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The US dollar will continue to fall against the Czech Koruna after a string of unfortunate news weighs on the greenback. First, the US Federal Reserve announced that it will be slashing its interest rates by 25 basis points to reach the central bank’s target of at least 1.50% to 1.75%. Thursday’s rate cut announcement is the third slash from the US Fed this 2019. The USD immediately faltered after the news. Also, the US Core PCE price index for Month-over-Month basis came out flat, disappointing experts who forecasted a growth of 0.1%. The slash from the US Fed looks likely in favor to Czech policy makers who have previously spoken in favor for rate hikes for their country’s central bank. Czech Central Bank Governor Jiri Rusnok commented that Czech Republic’s economy is still far from a recession and is properly balancing the foreign and local factors.
Traders expect the Japanese yen to overpower the single currency in coming sessions as the yen receives support from news about the Bank of Japan and Japanese household data. Today, the monetary policy makers in the Japanese central bank decided to hold on to its current rates. With a majority win of 8-1, the BOJ chooses to hold on to its ammunitions for now. However, the Japanese central bank still left the floor open for possible cuts in the futures. The BOJ decided to keep its short-term rate target at -0.1% and its 10-year government bond yields at just 0%. Meanwhile, the Eurozone traders are still confident that the euro will not fall too badly against the yen as the market digests the flat outcomes from reports in the region. The Eurozone unemployment rate for the month was released today and according to the report, the bloc’s unemployment remains at 7.5%, upsetting expectations of a 7.4% decrease.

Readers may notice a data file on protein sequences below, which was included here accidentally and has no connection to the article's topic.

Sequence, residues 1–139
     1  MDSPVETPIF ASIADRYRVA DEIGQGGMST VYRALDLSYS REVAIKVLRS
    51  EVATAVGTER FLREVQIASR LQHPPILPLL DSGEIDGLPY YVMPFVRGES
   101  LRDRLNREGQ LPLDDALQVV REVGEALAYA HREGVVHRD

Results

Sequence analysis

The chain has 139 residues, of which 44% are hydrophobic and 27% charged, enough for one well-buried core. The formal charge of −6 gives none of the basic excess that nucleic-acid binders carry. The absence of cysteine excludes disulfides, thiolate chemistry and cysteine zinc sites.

The Canadian dollar is in deep waters as the Canadian gross domestic product report (MoM) showed that Ottawa’s economic growth for October slowed down by 0.1%, failing to reach expectations of 0.2% by experts. The country’s industrial product price index (MoM), which measures the changes in domestic products, also went down to 0.1% from its previous reading of 0.2%. The Bank of Canada also left its benchmark rate at 1.75% and clashed its expected outlook growth for the economy in 2020, this disappointed CAD traders who were becoming less confident for the loonie. Meanwhile, the Bank of England said this Thursday it would not give the full in-dept details on the health of the United Kingdom’s economy in its quarterly inflation report. Traders are now waiting for the bank’s next update about the economy on November 7. The BOC painted a negative picture on its monetary policy, placing the CAD on its backfoot.
The US Federal Reserve’s decision to cut its interest rates gave the Reserve Bank of Australia a problem. The surprise increase in building approvals boost the confidence in the Australian economy and the Australian dollar in previous sessions, however, the RBA’s efforts to hold its currency down were pushed aside by the Fed’s rate cut. Aussie traders are taking in the Fed rate cut’s effect to the AUD. However, traders doubt whether the pair would break through its support as mixed data from the ANZ NZ weighs on the New Zealand dollar. The kiwi also faces danger against news about China’s October NBS manufacturing purchasing managers index which decline below 49.8, well below forecasts of 49.3. The Chinese data could hurt both the AUD and the NZD, however, kiwi traders appear more confident that the New Zealand dollar will stand against the Australian dollar.
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